Dr Bruce Cherry talks about his book on the sex life of the Tommy on the Western Front, They Didn’t Want to Die Virgins: Sex and Morale in the British Army on the Western Front 1914-1918, which was published by Helion and Co in 2016. 

Dr Tom Thorpe [TT]: Welcome to ‘Mentioned in Dispatches’ the podcast in The Western Front Association with me - Dr. Tom Thorpe. The WFA is the UK's largest Great War History Society. We are dedicated to furthering understanding of the First World War and have over 60 branches worldwide. For further information visit our website at www.westernfrontassociation.com. It is the 30th of September 2019. And this is episode 130.

On this week's podcast Dr. Bruce Cherry talks about his book ‘They Didn't Want to Die Virgins’ - about sex and morale in the British Army on the Western Front during the Great War. This has been published by Helion & Co. I spoke to Bruce from his home in Berkshire.

Bruce, welcome to the ‘Dispatches’ podcast. Can you start by telling us about yourself and how you became interested in the Great War and the sex life of the Tommy?  

Dr Bruce Cherry [BC]: Yes, Well, thanks, first of all, for asking me to do this podcast, it should be great fun. I have now been a member of The Western Front Association for 15 or 20 years, perhaps. Like most people I first became interested because of a relative interest - a couple of grandfathers who were involved in the Great War - and spent my first summer after university, 1974, or 1975, I hitchhiked down to Sarajevo to stand in the footsteps of Gavril Princip - and basically, I’ve been hooked on the Great War as a  subject ever since. 

TT: And why do you think ‘Sex and the Tommy’ is an important subject?  

BC: Well, I fell into ‘Sex and the Tommy’ almost by accident. I picked up a book written by a German author called Hirshfeld, many years ago, which explored the whole area of sex - mostly from a German perspective in the Second World War -  and then I started to read various bits from English academics which would claim that there was very little sex going on. And that didn't seem to me to be correct - because, if anything what proved there was sexual activity, were the venereal disease figures, more than anything else. So once my curiosity was piqued I started to take note of the references I was finding. 

TT: Now to give us a bit of background. What was the average, in inverted commas, ‘sex life of Edwardian men’ prior to the Great War.

BC: Well, it is going to depend very much on the class, culture, the age and the experience of the man. I am not sure, we’d have to look at averages in each of those areas. I would say that generally, let's talk about anything other than - the very high social classes and the very low social classes - because those two would have had a quite  different sex lives to the average Edwardian man. But the prevailing moral norm, would be best described as ‘muscular Christianity’ - and whilst there was not perhaps a huge amount of church-going per se, people still would have had a strong moral code, that would have been described, I suppose, as knowing what was right and what was wrong.  They would have followed the ten commandments - and self-control would have been the all-pervading code. 

TT: What was the general view of masturbation in this period? Was it seen as some form sort of weakening, that men, that anybody should avoid engaging in this solitary activity?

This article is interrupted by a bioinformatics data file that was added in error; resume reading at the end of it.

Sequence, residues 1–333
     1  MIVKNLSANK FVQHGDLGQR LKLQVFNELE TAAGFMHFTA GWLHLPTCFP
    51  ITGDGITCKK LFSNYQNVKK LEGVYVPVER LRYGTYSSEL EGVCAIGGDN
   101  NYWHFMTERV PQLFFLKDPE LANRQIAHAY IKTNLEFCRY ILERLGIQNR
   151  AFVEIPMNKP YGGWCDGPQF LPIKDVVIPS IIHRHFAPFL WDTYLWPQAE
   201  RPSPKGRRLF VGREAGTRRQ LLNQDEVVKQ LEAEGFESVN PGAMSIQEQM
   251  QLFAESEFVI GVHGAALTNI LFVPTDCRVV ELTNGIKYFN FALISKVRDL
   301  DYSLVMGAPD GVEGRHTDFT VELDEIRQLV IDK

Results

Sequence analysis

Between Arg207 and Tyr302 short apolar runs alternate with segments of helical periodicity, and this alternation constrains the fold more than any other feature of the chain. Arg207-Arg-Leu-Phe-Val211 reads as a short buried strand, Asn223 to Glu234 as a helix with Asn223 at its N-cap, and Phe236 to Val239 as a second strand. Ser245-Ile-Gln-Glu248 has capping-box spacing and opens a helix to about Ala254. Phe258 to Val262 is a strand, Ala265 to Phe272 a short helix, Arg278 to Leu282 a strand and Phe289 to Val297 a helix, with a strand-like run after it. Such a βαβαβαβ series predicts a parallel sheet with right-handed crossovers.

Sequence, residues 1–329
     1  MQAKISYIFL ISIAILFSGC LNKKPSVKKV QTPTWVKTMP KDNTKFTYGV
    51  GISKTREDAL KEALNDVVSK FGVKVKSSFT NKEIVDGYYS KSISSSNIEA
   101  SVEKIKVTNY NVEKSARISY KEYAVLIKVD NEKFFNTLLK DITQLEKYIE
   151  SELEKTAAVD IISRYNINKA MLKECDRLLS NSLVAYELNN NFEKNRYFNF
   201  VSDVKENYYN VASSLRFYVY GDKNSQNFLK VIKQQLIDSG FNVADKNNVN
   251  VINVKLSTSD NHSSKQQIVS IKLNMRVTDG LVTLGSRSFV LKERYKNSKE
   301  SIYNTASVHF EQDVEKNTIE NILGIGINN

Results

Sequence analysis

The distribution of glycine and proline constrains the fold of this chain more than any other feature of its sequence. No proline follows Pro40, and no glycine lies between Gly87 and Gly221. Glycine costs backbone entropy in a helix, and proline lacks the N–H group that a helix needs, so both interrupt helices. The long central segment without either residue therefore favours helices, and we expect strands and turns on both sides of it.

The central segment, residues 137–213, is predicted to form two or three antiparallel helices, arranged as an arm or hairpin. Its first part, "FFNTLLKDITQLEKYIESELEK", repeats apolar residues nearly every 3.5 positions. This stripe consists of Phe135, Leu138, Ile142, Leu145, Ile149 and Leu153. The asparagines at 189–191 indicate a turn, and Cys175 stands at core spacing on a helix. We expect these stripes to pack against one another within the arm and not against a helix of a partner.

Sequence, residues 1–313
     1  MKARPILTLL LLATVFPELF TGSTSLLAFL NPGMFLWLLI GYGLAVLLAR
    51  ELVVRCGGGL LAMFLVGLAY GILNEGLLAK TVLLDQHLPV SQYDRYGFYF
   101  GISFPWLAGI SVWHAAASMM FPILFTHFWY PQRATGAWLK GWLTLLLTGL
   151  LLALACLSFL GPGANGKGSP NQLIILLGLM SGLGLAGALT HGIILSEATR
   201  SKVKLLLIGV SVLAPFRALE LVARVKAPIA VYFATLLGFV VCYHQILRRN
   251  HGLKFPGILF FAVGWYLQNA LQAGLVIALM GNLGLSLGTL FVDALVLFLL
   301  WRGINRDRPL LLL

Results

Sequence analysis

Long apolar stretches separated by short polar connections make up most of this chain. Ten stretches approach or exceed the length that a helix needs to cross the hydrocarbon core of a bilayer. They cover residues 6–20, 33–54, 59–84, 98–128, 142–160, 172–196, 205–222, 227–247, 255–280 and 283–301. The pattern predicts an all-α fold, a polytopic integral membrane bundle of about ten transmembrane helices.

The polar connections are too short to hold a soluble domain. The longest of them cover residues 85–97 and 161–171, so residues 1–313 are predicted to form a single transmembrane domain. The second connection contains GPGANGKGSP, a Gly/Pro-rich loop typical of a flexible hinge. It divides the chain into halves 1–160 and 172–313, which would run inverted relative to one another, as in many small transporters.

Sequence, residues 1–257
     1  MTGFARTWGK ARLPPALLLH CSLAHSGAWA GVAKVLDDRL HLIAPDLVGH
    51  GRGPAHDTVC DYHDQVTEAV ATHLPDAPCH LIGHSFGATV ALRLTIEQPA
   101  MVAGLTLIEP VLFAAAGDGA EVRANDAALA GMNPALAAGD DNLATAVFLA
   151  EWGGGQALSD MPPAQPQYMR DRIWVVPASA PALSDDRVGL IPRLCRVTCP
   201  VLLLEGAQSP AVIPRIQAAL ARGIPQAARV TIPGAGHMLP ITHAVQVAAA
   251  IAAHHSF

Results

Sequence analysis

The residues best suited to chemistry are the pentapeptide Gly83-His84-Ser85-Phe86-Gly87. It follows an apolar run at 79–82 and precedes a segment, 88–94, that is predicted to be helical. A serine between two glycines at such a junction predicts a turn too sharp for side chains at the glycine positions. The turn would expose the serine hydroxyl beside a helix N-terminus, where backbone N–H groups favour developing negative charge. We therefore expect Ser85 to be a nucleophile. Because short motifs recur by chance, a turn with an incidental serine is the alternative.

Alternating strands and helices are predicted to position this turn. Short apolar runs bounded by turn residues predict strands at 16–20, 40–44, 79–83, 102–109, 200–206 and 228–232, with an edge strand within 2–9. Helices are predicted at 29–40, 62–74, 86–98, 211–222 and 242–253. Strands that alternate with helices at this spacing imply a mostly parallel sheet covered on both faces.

BC: That was very much part of the self control - masturbation would have been - as Kipling and others would have described it, as ‘beastliness’. It was felt to basically weaken the spirit and the soul. And that, so even at the basic level, was frowned upon. Sex was about something that you did for procreation not really enjoyment. 

TT: And obviously homosexuality was illegal under the current statute then. And how was it viewed by society as a whole?  

BC: Well, I think largely society didn’t really know much about it; it was something that was so much on the fringes that it would have been, only, certainly only the upper classes areas -  of course the public school boys might have seen it and been aware of it. But I think in the general run of things people didn’t know much about it - and if they did, they would have thought it was abhorrent.

TT: So Tommy joins up, gets into khaki and arrives in France.  What was his sex life like and where did he have sex?  

BC: Well, the important thing to note there, was how a man’s moral code eroded from that position of muscular Christianity to an acceptance of sexual acts and the army did a lot to do that. His moral code came under threat from other guys, from the old soldier, the old regular soldier whose sexual attitude was very different to the Kitchener army’s, and then drink, played a large part in it that it eroded if not his morals, then he was open to temptation.

So where was that temptation? Well, you can you put it down into two distinct activities, I guess, or distinct areas: one would have be ‘paid for sex’ and the other would have been, what we might call, ‘fraternisation’. 

TT: And is this is generally sort of found in documentary and sort of memoir accounts. Is it a relatively common thing that people report? 

BC: Oh no, absolutely not, it is hidden. It is hidden under the bed clothes so to speak. There is a great quote from the French authors, Audoin-Rouzeau and Becker ‘Understanding Great War’ (2002)  

'Aside from very rare illusions in their accounts … masturbation, prostitution and homosexuality are shrouded in the deepest silence.' 

And I think that’s probably the best summary of it.

TT: This obviously was going on in France. How did the High Command view all this activity with Tommy doing whatever thing - and what sort of  the measures did they do to prevent or whatever, sexual activity in the army?